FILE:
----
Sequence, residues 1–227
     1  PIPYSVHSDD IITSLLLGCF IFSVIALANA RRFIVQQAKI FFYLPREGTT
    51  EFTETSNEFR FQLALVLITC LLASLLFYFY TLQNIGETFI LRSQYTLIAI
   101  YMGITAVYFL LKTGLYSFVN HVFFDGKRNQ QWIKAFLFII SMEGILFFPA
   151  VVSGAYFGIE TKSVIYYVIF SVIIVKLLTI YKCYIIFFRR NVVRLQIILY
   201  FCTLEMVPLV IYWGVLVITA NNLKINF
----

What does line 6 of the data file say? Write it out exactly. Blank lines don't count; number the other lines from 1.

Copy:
   201  FCTLEMVPLV IYWGVLVITA NNLKINF